The Conversation and SBS Online
By Christopher Wright and Andy Hoffman
Despite the widespread scientific consensus regarding anthropogenic climate change, ideological rhetoric dominates the global political discourse. This is preventing the development of clear policy frameworks that companies need for long-term investments. In spite of this, there are signs of progress at the international, national and corporate levels.
A growing number of countries, or states within them, are instituting measures to price carbon emissions. By the end of 2013 an estimated 850 million people will be covered by a carbon price, including China and US states such as California (the ninth largest economy in the world). Further, associated policies like automobile, appliance and building efficiency standards and Renewable Portfolio Standards are proliferating.
There has also been a recent increase in political attention to climate change. For example, in response to the unprecedented flooding of New York City by Hurricane Sandy last October, elected officials such as New York City Mayor Michael Bloomberg, publicly pronounced the need to get serious about climate change, a sentiment echoed more recently by President Obama in his inauguration and State of the Union addresses.
Yet, despite having endured the hottest summers on record, more bush and forest fires and record floods, climate change remains a “wedge issue” on both sides of the Pacific. In Australia, while the Gillard government succeeded in introducing a price on carbon through the recent Clean Energy legislation, there is considerable uncertainty as to the longevity of this reform, given Opposition leader Tony Abbott’s “blood oath” to repeal the “carbon tax”.
This mixed political landscape in the US and Australia all adds up to continued regulatory uncertainty for businesses over the pricing of carbon emissions and energy policy more broadly. This is a critical issue for business, particularly those in the energy, resources and manufacturing sectors looking to make infrastructure investments that can last decades.
However, despite the regulatory uncertainty, research into business responses to climate change in the US and Australia suggests there is reason for hope. This will be explored during a symposium on ‘Climate Change: Generating Business Responses’ to be held at the University of Sydney on March 21, which shows that many of the world’s major companies actively engage with this issue by seeking to mitigate emissions and adapt to the changing market and physical consequences of our changing climate.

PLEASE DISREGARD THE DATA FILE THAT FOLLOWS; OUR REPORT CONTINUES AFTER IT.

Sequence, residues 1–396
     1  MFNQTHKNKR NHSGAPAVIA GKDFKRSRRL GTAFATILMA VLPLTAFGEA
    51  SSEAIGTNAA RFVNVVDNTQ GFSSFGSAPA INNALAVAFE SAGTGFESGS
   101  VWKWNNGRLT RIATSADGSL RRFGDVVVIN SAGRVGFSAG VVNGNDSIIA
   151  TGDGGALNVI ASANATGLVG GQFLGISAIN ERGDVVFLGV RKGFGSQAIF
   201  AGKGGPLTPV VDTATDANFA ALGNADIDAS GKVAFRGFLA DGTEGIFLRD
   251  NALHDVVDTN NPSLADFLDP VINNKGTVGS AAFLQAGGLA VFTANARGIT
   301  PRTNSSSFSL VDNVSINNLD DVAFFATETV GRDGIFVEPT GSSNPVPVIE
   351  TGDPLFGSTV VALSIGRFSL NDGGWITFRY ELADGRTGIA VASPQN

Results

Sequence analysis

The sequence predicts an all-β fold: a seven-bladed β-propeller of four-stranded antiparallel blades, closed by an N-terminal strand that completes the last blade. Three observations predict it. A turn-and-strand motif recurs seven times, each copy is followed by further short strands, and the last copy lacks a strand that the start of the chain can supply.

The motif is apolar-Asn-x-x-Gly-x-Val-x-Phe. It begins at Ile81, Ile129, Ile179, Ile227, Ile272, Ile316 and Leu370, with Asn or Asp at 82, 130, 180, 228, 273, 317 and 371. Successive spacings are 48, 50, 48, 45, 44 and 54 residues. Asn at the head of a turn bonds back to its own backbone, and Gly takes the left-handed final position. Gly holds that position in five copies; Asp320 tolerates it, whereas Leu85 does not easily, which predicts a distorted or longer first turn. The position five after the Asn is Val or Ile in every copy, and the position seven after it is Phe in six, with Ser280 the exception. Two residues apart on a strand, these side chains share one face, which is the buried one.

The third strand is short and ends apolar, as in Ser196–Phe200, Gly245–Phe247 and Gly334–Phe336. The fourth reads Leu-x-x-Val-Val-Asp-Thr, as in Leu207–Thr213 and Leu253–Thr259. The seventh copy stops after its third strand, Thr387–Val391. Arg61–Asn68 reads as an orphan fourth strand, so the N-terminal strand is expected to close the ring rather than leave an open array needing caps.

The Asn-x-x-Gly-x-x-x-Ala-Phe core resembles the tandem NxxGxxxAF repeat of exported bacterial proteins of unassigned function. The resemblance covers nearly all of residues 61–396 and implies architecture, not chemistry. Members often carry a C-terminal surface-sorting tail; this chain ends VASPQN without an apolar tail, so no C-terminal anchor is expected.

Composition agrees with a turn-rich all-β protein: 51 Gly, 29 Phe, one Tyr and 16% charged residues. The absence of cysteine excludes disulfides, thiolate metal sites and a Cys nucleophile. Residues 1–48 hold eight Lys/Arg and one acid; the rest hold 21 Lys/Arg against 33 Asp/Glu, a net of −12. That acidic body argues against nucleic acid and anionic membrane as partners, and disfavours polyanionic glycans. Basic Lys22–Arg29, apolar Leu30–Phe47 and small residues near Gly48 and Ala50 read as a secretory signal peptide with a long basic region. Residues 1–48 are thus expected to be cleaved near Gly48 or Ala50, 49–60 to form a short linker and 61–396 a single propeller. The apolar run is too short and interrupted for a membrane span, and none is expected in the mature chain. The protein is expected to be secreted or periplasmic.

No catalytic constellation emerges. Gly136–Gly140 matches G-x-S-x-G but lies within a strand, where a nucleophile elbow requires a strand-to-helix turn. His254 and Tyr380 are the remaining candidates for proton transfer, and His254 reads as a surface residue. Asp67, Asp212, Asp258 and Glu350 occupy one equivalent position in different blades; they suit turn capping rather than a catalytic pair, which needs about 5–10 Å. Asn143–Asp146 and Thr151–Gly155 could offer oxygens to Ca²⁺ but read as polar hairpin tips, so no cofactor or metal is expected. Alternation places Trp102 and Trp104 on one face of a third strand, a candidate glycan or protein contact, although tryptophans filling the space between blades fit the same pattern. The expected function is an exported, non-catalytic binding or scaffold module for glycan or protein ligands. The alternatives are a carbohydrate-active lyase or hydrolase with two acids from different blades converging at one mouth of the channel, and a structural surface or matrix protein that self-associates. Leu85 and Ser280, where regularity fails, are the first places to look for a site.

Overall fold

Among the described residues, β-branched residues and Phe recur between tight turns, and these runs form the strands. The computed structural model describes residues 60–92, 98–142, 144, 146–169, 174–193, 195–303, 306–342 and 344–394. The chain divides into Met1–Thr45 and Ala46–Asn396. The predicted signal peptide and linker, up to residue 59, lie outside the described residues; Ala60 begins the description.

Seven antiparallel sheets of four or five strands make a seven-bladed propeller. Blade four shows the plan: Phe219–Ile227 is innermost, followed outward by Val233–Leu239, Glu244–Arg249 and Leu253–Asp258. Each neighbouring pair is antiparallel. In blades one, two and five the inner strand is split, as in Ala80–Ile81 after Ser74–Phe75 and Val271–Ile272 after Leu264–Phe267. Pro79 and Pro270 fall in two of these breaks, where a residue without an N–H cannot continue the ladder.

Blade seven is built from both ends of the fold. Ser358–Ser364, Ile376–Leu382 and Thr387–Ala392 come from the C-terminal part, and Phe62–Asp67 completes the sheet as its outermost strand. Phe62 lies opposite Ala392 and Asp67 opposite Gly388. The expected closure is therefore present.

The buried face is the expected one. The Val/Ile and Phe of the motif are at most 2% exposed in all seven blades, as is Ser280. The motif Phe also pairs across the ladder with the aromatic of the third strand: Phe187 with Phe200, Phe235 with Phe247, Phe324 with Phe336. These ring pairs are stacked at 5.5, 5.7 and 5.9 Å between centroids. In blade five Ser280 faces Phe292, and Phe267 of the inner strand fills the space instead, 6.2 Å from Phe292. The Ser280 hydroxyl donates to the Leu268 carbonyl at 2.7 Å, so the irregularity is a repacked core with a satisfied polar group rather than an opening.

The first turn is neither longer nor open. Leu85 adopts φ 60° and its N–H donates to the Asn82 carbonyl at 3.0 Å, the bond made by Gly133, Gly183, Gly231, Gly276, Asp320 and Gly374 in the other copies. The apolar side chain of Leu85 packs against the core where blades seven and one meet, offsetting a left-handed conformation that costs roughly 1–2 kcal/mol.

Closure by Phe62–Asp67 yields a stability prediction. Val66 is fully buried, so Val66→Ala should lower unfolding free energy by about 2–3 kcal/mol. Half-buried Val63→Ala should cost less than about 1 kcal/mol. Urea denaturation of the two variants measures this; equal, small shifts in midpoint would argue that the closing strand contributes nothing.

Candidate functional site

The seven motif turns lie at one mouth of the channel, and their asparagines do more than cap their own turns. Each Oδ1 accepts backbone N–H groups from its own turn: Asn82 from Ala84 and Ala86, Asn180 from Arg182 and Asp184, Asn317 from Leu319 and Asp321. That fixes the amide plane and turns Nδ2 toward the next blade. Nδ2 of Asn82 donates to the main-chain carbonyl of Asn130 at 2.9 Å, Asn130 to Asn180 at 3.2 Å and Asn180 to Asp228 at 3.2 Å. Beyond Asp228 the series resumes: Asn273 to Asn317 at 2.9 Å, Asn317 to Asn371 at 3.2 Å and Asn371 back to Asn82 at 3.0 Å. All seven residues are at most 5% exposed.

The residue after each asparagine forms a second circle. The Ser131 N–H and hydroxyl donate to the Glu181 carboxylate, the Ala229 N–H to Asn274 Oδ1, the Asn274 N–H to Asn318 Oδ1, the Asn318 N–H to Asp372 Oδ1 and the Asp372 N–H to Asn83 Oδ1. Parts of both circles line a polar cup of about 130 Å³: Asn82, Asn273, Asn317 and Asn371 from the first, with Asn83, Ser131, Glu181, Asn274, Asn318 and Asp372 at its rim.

Examples include global manufacturers which have profitably developed new ‘green’ products and services (e.g. hybrid and electric cars, high capacity batteries, wind turbines, solar cells and more efficient jet engines). Major financial institutions now include ‘carbon risk’ in their lending practices and mark down enterprises that fail to manage these risks. Virtually every company in the construction sector offers green construction materials and supplies. Energy companies are diversifying into renewable electricity generation such as wind, solar and geothermal. And perhaps most directly impacted, insurance companies now focus explicitly on the physical and financial risks of more frequent and intense storms, floods and fires.
Taken together, these responses represent a future for a more sustainable and prosperous global economy no longer tied to last century’s out-dated fossil-fuel dependence. The fact is that markets are shifting, leading us through an energy renaissance where we are beginning to think about energy and our impact on the global climate in an entirely new way.
While important, such corporate innovation also requires a clear regulatory structure to thrive and prosper. Changing markets and corporate action on their own will be insufficient to generate the type of economic transformation needed to meet the challenges of climate change. The accelerating Arctic melt and projections of 4-6 degrees Celsius average temperature increases this century highlight that this is a crisis of an unparalleled kind. As has been the case historically, in times of crisis, governments and regulation, developed in cooperation with the market, are essential in creating the policy infrastructure for fundamental economic and social change.
Government must continue to set the conditions that will advance the energy renaissance already underway. Companies need sound energy policy to secure stable, long term energy supplies; they need sound and predictable technology policies to plan investment; they need clear and coherent industrial policies that recognise we operate in a globalised marketplace competing against countries that heavily subsidise their domestic industries; and they need a knowledgeable consuming public that can make informed purchasing decisions.
The current political scrabble fails to do justice to what we are truly capable of. Building a platform for policy clarity and greater business innovation is crucial if we are to meaningfully rise to this challenge.
This article was originally published at The Conversation and SBS Online